Mr. Buzek Comes to Washington: Why the European Parliament Matters to the United States
April 27, 2010
Q1: Why is Jerzy Buzek, president of the European Parliament and former Polish prime minister, visiting Washington?
A1: In his first visit to Washington as president of the European Parliament (EP), Mr. Buzek will meet with senior Obama administration officials, including Vice President Biden, and members of Congress, as well as open the European Parliament’s new liaison office near Capitol Hill. President Buzek was recently in the news when, in spite of a telephone conversation with Secretary of State Hillary Clinton, the European Parliament struck down an important law that allowed Europe to transfer banking data to the United States for the purposes of tracking and eliminating terrorist financing (the so-called Swift Agreement). It was the first time a U.S. secretary of state called the European Parliament; and the Parliament’s answer to Washington was a resounding “no,” due to privacy concerns and civil liberties issues. The United States and the European Union are now working to restart the data-sharing program as quickly as possible in order to further advance their cooperation against terrorism.
Q2: What is the European Parliament?
A2: The European Parliament is one of the three pillars of the European Union’s “institutional triangle,” in addition to the European Commission and the Council of the European Union. Its 736 members (from 99 German representatives to 5 from Malta) represent the 375 million voters from the 27 countries that elect them directly, representing 7 pan-European political groups. The European Parliament was created in the 1950s at the inception of what was eventually to become the European Union, and its powers have expanded significantly over time. It now coauthors most of the EU legislation (with the Council of the European Union, where national governments sit), has a key voice on budgetary issues, and oversees broadly the work of the European Commission from approving the appointment of senior officials to appointing the next president of the Commission. And it has proven willing to assert its powers on a variety of topics.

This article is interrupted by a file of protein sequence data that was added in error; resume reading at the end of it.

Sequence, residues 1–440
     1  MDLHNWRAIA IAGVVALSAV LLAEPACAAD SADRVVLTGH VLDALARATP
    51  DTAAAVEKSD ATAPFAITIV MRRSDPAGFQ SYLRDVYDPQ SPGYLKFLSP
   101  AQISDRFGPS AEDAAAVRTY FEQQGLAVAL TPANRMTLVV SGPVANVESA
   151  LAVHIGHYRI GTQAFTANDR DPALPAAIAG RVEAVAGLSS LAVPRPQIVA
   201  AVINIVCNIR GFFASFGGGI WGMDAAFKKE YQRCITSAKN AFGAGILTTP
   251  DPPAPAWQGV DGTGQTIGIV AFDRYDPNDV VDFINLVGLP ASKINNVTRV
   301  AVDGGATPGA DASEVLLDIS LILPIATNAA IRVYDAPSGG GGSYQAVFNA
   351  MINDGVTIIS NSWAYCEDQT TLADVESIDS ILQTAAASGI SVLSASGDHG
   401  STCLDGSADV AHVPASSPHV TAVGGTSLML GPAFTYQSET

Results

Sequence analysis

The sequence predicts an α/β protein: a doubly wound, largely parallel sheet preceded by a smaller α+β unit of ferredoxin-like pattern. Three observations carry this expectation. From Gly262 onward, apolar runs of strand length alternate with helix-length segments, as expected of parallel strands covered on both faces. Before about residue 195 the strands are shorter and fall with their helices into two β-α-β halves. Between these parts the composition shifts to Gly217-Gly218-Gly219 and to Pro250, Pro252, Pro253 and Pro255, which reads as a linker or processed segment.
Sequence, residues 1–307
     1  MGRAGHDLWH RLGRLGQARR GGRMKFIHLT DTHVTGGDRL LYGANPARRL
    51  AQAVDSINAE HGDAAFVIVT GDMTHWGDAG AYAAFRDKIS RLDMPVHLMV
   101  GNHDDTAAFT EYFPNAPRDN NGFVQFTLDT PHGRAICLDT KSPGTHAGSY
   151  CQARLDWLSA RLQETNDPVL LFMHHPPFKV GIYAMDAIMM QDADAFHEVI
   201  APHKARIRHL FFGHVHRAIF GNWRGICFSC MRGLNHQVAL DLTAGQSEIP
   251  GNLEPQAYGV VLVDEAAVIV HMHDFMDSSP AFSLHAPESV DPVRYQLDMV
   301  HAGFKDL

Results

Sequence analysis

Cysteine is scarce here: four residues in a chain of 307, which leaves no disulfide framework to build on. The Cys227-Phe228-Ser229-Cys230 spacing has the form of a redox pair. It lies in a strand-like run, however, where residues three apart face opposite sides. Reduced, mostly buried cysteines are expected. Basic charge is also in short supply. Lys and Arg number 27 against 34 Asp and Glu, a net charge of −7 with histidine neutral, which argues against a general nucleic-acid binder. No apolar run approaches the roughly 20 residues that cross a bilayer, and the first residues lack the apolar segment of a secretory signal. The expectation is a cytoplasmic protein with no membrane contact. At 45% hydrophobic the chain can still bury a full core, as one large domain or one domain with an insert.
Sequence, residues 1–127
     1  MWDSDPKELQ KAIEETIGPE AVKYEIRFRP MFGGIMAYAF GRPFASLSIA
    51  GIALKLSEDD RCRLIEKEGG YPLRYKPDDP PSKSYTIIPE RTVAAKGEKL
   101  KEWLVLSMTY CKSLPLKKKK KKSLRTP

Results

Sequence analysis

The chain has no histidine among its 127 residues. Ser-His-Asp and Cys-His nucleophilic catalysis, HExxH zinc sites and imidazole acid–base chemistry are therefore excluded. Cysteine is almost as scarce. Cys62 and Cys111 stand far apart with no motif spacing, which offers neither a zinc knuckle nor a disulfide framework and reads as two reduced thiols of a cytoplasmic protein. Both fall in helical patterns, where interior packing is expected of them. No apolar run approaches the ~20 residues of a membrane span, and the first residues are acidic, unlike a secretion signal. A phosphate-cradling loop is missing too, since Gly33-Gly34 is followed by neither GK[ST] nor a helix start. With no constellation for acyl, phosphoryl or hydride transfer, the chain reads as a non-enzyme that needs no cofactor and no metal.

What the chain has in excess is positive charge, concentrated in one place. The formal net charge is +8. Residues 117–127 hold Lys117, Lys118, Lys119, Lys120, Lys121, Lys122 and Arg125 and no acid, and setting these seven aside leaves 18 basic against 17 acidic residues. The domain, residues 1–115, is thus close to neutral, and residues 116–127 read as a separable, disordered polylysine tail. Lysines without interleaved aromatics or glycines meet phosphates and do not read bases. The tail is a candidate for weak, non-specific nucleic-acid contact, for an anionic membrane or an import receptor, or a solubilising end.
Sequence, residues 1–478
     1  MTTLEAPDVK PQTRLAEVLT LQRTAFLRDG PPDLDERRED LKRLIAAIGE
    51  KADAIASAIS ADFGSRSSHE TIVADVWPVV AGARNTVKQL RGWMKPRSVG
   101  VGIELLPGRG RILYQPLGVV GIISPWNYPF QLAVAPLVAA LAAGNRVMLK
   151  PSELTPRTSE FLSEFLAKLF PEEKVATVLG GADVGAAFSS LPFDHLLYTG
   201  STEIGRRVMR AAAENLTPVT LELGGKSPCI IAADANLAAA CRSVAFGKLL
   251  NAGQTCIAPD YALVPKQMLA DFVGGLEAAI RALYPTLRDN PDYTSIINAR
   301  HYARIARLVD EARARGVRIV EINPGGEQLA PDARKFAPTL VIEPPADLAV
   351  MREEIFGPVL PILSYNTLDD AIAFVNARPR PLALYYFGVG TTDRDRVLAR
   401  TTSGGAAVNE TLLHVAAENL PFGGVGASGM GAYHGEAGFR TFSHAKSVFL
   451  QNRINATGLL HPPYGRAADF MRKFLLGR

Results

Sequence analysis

Q3: How do President Buzek and the decisions by the European Parliament affect transatlantic relations?
A3: The European Parliament is a growing force to be reckoned with, not only within the European Union itself but also in Washington. While the Parliament does not necessarily have a role in foreign policy per se, its decisionmaking powers should not be underestimated, as witnessed in the Swift Agreement case. The European Parliament must approve all international agreements under its jurisdiction, such as trade policy, and is a powerful voice on issues of major significance to the U.S. government and to the U.S. private sector, such as climate change, energy security, economic and financial regulation, intellectual property, or neighborhood policy (e.g., former Soviet states) and enlargement (e.g., the Balkans).
Q4: Why are Mr. Buzek’s visit and the European Parliament important in general?
A4: President Buzek, a former Polish prime minister (1997–2001) and founding member of the Polish Solidarity Movement, wants the European Parliament to have a strong and open relationship with Washington. He is particularly interested in upgrading the Parliament’s relationship with the U.S. Congress. Some ideas that have been suggested are establishing a reciprocal congressional presence in Europe, holding more meetings between relevant EP and congressional committees, and energizing the Transatlantic Legislators’ Dialogue, a forum created in 1995 to strengthen the relationship between the U.S. Congress and the European Parliament.
But it is not only the U.S. Congress that must invest in upgrading its relationship with the European Parliament. The Obama administration must also make its own investment in fundamentally understanding the new role played by the Parliament and its potential impact on transatlantic cooperation, whether that is oversight of EU institutions and budgets or the activities of the Parliament itself, in order to avoid being “Swifted” again. Vice President Biden’s visit to Brussels next week and his anticipated major address before the Parliament is the perfect opportunity to make a major down payment on the United States’ long-term investment and sustained engagement with the European Parliament.
Manuel Lafont Rapnouil, a French career diplomat, is currently a visiting fellow with the Europe Program at the Center for Strategic and International Studies (CSIS) in Washington, D.C. Heather Conley is a senior fellow and director of the CSIS Europe Program.
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